Controlling the Narrative – How Christians Are Getting It All Wrong

We’re doing it wrong. Really wrong. But, it’s not hard to do it right. This post won’t take long.

These are the days of public relations, round-the-clock communication, social media, and spin. Anyone with an agenda or message knows how important it is to “control the narrative” or “get ahead of the story” when engaging others.

Politicians, entertainers, business giants, and even the church invest considerable resources into savvy packaging, slick graphics, media monitoring, and structured talking points on every issue, controversy, and campaign.

I don’t care about any of that.

This hoopla is a smokescreen devised in some back room where the evil one plots ways to divert our attention from the real work of advancing the kingdom.

The only story we need to manage is the one we tell ourselves.

That’s right. All day, every day, we tell ourselves a story, hanging every event, situation, or challenge on some point of that story to make sense of our lives, motivate our actions, and direct our thoughts. The narrative we believe about our own lives matters more than anything we speak to everyone else.

Imagine you’re a married woman with no education around conception and child birth. After a mysterious weight gain over several months, one night your body is gripped with unbearable pain that won’t resolve no matter what you try.

You’re in agony with no recourse. As the pain continues and increases for hours on end, you might reasonably imagine you were dying. You may even despair of life. Nothing about the moment you’re in leads you to theorize this distress might eventually resolve on its own, never mind that it leads to new life.

Knowing the story of conception and childbirth doesn’t remove the pain or the effort required by labor, but it does inspire hope to endure, focuses effective effort, and reduces panic.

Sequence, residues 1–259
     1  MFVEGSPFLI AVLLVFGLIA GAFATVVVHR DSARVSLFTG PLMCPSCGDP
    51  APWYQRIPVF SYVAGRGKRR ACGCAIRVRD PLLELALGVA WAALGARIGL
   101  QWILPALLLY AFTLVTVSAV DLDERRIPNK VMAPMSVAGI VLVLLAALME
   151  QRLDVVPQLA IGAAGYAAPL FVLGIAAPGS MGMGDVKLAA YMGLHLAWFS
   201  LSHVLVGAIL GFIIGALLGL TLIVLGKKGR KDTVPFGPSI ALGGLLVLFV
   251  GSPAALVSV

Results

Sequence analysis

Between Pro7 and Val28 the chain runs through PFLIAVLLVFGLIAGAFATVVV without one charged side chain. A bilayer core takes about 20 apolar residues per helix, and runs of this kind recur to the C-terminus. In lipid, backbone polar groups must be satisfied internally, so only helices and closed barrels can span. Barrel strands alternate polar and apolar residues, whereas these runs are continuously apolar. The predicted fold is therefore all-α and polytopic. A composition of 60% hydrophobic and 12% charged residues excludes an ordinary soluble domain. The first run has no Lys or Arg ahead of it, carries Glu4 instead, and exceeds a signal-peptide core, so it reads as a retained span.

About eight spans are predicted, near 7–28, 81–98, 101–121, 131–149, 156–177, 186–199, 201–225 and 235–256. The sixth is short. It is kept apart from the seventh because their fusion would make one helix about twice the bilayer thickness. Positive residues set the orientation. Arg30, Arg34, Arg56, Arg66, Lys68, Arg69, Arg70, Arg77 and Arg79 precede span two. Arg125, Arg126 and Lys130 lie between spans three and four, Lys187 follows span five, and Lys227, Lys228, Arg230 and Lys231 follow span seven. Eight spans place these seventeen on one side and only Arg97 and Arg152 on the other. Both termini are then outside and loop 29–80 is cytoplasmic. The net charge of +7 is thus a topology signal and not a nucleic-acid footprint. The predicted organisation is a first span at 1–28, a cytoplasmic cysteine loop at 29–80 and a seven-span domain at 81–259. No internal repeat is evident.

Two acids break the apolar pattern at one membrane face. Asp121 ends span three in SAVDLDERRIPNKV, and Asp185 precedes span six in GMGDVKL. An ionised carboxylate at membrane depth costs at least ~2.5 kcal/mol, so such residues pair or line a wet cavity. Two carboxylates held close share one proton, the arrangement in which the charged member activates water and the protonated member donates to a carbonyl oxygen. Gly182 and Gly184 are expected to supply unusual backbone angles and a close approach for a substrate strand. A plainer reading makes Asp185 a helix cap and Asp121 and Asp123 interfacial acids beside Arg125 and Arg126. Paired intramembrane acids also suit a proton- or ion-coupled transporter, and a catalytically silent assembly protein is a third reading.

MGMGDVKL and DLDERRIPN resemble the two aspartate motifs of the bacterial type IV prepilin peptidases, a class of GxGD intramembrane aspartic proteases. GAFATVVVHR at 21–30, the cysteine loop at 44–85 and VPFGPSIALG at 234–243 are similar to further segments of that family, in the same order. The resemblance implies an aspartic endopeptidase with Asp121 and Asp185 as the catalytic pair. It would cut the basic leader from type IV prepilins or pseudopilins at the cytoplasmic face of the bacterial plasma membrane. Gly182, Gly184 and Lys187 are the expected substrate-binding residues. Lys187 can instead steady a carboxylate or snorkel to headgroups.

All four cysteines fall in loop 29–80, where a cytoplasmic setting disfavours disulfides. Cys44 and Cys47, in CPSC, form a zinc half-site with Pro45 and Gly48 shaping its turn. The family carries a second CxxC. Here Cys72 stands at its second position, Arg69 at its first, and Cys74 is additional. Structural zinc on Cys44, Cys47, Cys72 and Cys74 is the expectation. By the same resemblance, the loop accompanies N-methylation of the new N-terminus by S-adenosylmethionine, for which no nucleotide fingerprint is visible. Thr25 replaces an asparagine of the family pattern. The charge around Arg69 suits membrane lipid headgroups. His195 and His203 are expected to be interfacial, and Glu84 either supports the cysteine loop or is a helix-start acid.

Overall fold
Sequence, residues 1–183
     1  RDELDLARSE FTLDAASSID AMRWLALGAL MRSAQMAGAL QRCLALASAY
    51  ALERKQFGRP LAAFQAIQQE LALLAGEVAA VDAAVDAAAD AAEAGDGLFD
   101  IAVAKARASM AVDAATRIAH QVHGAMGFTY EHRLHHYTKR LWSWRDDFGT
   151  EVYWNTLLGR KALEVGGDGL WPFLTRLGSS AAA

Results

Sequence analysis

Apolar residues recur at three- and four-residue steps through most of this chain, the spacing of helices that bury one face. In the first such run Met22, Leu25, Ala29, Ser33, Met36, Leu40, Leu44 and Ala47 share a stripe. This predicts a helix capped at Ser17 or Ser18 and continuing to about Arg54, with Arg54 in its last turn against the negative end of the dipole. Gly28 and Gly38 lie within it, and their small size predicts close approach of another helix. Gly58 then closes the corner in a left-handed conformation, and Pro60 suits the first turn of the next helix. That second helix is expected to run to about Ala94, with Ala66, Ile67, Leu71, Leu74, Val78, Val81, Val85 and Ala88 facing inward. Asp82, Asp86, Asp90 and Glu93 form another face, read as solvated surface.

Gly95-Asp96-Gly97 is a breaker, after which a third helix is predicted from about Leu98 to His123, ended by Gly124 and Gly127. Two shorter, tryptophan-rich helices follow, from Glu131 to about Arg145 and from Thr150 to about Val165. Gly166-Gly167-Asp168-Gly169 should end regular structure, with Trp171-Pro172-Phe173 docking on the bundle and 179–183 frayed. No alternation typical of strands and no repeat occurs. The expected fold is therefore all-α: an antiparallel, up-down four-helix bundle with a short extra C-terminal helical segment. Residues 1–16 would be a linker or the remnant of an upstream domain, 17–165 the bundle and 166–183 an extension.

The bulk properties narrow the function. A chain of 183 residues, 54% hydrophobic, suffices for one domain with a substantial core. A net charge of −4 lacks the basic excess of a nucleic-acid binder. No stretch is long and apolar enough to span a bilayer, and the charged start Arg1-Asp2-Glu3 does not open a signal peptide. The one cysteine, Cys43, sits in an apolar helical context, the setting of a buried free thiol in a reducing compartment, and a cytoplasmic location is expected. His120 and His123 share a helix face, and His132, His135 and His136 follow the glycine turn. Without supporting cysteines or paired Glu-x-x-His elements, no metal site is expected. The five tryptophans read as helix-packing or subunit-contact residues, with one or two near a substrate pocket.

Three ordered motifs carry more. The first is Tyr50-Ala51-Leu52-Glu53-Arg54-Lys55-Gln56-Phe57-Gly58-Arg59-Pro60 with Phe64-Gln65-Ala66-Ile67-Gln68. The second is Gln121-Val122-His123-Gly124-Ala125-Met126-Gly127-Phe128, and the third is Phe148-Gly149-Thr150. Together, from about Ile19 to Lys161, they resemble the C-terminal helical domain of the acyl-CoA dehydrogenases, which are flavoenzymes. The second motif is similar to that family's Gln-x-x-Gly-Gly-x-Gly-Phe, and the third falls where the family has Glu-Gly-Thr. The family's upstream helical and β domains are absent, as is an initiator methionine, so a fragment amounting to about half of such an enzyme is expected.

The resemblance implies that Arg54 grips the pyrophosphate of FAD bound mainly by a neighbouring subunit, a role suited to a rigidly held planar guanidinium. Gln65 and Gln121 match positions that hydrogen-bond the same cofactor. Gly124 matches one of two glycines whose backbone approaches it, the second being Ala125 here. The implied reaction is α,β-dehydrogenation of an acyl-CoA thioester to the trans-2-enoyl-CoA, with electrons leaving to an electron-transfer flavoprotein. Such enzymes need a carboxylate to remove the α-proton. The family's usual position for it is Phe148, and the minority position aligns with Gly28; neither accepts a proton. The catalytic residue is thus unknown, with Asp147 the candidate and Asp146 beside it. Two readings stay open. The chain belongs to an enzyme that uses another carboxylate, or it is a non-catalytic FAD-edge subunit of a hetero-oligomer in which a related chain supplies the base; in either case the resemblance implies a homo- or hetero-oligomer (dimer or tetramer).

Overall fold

Likewise, making sure the story we tell ourselves about our lives is informed by biblical truth doesn’t remove the pain or the energy required to make our way through the trials of this planet, but it does inspire hope to endure, focuses effective effort, and reduces panic.

Operating under the truth of the biblical story ensures that our lives will testify (by our actions, attitudes, and affirmations) to the reality of Jesus.

Imagine what Christian lives would look like to others if we continually believed the truth that we are loved, visible to the Almighty God, and secured for eternal life.

Imagine the impact of people who abandoned worry because in our life narrative, there is no need to fret. Or how churches and missions would flourish because we trust the story that we are to give freely even as we have received.

I guess if I want my illustration to reflect our reality, it would more closely be like a woman who was originally told the story of conception and childbirth, but who goes through labor with people yelling at her that she’s believed a lie, that there’s no reason to trust that life will be pain’s outcome, and that she should give into despair.